- ensures that the seller pays the listing broker the negotiated commission for all the work that they did in helping sell the property
“Considering these benefits, it begs the question why a broker or agent would forego or delay the protections provided through a written listing agreement,” Lee said.
“It’s troubling that some brokers have resorted to these tactics at their own peril, just because they want to avoid particular MLS policies and rules. A broker may think that he doesn’t need a listing agreement, until he realizes he did.”
Asked which MLS policies and rules agents or brokers may be trying to avoid, NAR declined to comment. “Charlie was making a general point,” NAR spokesperson Mantill Williams told Inman via email. “We cannot speculate on which rules they might be trying to avoid.”
Because a main function of MLSs is cooperation and compensation between brokers, Inman asked if the rules brokers are trying to avoid had to do with a desire to double-end commissions or to avoid NAR’s contentious Clear Cooperation Policy, but NAR declined to comment.
Regardless of the specific rules at issue, brokers and agents who embrace this tactic are assuming major risks, according to Lee. For instance, they could be breaching their state real estate licensing law.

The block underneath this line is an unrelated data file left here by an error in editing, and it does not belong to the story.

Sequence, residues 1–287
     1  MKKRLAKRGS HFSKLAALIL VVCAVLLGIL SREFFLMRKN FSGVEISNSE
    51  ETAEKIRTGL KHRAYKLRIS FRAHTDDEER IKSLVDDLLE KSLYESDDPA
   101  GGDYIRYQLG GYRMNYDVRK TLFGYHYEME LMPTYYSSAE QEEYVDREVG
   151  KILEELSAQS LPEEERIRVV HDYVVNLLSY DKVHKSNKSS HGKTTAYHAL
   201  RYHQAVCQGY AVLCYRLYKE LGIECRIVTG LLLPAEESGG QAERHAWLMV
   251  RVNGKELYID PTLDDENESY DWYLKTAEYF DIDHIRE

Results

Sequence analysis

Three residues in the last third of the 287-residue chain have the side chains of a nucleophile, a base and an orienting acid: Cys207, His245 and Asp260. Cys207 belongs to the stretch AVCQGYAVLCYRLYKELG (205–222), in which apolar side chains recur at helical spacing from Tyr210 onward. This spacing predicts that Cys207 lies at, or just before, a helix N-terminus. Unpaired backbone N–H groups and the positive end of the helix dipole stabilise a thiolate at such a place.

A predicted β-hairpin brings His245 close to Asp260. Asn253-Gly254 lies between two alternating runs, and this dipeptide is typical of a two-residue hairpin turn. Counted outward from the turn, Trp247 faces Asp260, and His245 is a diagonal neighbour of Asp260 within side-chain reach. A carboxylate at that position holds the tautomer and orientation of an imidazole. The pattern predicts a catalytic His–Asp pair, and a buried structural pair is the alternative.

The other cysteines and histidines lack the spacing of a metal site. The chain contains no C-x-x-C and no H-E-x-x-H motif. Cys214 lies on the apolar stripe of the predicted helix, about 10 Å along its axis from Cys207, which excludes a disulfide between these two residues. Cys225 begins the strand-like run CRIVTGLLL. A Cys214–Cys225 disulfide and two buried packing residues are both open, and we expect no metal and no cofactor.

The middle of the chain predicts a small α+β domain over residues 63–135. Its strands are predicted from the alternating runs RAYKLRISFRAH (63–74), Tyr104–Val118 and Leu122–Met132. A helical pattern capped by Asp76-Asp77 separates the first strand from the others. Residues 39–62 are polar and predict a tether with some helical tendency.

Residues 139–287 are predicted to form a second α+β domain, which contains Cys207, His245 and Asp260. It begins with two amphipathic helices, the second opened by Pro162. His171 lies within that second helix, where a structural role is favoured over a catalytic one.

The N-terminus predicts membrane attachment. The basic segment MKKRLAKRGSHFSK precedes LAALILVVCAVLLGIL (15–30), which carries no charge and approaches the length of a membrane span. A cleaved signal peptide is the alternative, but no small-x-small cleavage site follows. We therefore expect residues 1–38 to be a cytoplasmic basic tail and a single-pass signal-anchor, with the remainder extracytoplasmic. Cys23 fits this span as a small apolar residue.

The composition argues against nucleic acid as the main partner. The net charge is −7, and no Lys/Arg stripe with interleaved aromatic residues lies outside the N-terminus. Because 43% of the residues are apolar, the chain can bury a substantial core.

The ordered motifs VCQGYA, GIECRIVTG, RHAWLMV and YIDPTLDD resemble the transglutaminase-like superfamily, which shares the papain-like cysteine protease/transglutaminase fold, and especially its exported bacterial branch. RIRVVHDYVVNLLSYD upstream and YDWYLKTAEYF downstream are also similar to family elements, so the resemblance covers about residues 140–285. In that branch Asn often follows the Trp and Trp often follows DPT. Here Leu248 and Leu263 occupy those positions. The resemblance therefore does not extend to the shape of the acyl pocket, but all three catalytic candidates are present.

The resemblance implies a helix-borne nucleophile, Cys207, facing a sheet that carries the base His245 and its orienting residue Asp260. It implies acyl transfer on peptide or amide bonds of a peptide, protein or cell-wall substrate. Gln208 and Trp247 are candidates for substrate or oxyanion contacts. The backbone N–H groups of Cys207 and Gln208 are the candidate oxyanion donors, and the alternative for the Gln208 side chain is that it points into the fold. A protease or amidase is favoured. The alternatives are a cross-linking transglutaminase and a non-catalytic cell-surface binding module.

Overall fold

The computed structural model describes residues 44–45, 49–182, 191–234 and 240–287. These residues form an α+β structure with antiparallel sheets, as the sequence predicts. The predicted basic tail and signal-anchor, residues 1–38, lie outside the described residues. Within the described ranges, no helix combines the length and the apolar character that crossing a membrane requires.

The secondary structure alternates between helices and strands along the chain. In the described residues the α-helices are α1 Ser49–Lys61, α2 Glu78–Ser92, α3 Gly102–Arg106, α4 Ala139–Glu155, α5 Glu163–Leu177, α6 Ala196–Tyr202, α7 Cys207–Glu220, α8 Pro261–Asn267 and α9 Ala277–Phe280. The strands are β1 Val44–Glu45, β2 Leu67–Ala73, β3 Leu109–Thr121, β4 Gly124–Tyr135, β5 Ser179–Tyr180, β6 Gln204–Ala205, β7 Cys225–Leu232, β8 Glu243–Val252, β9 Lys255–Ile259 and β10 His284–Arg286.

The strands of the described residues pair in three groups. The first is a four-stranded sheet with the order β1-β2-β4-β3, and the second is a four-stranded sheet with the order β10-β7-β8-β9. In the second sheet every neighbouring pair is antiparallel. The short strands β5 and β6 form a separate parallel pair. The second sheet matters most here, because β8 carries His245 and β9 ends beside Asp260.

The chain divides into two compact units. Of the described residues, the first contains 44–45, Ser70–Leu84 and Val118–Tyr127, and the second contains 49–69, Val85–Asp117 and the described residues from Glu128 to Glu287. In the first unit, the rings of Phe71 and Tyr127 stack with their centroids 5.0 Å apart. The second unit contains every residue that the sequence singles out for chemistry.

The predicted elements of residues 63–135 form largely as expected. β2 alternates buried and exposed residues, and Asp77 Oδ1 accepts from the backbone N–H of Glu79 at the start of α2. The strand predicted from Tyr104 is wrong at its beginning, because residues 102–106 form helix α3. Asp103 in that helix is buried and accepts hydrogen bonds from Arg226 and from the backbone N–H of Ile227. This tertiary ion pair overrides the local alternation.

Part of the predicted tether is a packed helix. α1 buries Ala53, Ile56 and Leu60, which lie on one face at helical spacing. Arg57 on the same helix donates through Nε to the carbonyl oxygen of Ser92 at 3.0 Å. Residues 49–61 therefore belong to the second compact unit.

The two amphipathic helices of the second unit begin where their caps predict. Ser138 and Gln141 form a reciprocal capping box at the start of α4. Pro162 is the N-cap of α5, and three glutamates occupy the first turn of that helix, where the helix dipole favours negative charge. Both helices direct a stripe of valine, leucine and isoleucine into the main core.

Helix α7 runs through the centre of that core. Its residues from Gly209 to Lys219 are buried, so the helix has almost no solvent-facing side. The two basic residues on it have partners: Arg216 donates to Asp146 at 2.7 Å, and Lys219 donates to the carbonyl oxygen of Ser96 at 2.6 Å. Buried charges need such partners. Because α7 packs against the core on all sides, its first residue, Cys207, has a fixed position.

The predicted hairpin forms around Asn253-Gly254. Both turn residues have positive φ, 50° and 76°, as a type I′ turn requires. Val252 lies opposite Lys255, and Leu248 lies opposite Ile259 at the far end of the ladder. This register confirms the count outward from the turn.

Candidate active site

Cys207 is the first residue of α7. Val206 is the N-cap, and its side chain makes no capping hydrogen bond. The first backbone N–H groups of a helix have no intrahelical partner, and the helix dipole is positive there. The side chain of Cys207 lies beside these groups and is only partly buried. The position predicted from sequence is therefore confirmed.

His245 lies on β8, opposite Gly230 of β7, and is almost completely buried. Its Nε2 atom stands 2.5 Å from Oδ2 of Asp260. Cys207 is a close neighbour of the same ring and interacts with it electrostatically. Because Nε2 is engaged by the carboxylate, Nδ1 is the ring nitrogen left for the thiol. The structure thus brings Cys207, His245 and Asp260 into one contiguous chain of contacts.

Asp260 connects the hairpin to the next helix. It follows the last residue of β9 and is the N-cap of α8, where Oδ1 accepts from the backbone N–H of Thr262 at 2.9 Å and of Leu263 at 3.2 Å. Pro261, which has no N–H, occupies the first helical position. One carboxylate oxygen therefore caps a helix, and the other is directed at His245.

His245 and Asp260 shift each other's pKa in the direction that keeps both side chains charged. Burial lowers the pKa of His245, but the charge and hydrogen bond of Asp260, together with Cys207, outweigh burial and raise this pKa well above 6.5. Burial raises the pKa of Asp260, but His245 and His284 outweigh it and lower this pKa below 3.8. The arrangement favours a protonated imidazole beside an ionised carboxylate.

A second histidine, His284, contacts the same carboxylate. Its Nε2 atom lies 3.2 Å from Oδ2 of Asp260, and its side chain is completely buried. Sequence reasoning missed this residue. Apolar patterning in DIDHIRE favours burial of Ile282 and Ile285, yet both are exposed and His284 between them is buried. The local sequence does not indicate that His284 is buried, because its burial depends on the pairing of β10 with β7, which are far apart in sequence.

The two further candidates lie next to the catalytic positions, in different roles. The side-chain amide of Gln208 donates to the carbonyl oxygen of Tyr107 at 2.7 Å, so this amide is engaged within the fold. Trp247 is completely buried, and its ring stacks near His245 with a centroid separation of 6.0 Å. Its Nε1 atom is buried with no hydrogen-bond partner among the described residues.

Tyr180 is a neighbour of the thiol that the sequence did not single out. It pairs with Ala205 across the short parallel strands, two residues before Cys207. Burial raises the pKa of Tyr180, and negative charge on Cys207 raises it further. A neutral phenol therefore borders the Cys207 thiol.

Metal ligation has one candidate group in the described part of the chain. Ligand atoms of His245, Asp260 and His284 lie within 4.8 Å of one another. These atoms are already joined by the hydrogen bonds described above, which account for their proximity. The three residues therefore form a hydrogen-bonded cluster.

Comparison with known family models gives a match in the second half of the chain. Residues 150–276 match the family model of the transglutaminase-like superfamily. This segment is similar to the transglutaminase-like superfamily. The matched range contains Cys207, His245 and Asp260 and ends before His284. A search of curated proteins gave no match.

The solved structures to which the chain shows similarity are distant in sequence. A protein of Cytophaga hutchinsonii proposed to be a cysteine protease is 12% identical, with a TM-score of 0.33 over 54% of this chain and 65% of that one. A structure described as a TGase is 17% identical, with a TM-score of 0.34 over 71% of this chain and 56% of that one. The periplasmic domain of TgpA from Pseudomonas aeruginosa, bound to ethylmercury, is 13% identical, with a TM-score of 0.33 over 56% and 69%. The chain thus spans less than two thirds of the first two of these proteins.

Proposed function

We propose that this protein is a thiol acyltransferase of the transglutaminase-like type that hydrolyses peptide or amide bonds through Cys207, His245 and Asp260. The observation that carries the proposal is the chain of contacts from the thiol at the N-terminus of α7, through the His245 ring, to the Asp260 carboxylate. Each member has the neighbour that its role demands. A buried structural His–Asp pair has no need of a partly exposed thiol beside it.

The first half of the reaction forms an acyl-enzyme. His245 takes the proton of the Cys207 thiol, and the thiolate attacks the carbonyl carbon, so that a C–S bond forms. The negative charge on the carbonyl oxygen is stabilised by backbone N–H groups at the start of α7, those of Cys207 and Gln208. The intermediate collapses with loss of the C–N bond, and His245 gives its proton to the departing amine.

“Some states require brokers to have a written agreement before they provide real estate services such as posting signs or doing advertising,” Lee said. “Therefore, a broker or agent risks engaging in unauthorized real estate services when operating without a written listing agreement, even if it’s for just a short period of time.”
Lee also pointed out that unless a listing agreement is signed, it shouldn’t be considered an effective agreement. In addition, without a written agreement the broker could have very limited or no legal authority to act as the seller’s representative.
“This means that each and every action and representation that they make would be subject to the seller’s approval; they would have to check with the seller,” Lee said.
Lack of a written listing agreement also leaves the broker open to personal liability for actions by the seller.
“Usually the listing agreement obligates the seller to disclose things such as material defects, and it also requires them to comply with applicable law such as anti-discrimination or fair housing,” Lee said.
“So if either of these fails to occur, and there’s no written listing agreement, the broker could find themselves personally liable for any false representation or illegal conduct committed by the seller.”